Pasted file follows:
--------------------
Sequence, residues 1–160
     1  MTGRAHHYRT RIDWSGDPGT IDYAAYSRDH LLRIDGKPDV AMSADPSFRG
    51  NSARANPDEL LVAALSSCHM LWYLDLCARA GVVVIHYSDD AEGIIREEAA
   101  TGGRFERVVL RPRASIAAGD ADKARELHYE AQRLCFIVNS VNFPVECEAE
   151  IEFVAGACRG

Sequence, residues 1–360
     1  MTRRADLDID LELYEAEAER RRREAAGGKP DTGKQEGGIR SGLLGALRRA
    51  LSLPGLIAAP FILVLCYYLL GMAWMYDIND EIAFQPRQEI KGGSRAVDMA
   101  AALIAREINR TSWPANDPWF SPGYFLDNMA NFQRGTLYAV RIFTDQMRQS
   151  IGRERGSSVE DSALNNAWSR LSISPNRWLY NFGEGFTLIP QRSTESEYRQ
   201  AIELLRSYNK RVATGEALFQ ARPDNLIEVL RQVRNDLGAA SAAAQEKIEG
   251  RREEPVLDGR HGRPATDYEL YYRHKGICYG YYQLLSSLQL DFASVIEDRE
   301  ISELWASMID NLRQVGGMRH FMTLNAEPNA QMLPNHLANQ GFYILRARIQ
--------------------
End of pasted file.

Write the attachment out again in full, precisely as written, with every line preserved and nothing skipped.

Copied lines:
Sequence, residues 1–160
     1  MTGRAHHYRT RIDWSGDPGT IDYAAYSRDH LLRIDGKPDV AMSADPSFRG
    51  NSARANPDEL LVAALSSCHM LWYLDLCARA GVVVIHYSDD AEGIIREEAA
   101  TGGRFERVVL RPRASIAAGD ADKARELHYE AQRLCFIVNS VNFPVECEAE
   151  IEFVAGACRG

Sequence, residues 1–360
     1  MTRRADLDID LELYEAEAER RRREAAGGKP DTGKQEGGIR SGLLGALRRA
    51  LSLPGLIAAP FILVLCYYLL GMAWMYDIND EIAFQPRQEI KGGSRAVDMA
   101  AALIAREINR TSWPANDPWF SPGYFLDNMA NFQRGTLYAV RIFTDQMRQS
   151  IGRERGSSVE DSALNNAWSR LSISPNRWLY NFGEGFTLIP QRSTESEYRQ
   201  AIELLRSYNK RVATGEALFQ ARPDNLIEVL RQVRNDLGAA SAAAQEKIEG
   251  RREEPVLDGR HGRPATDYEL YYRHKGICYG YYQLLSSLQL DFASVIEDRE
   301  ISELWASMID NLRQVGGMRH FMTLNAEPNA QMLPNHLANQ GFYILRARIQ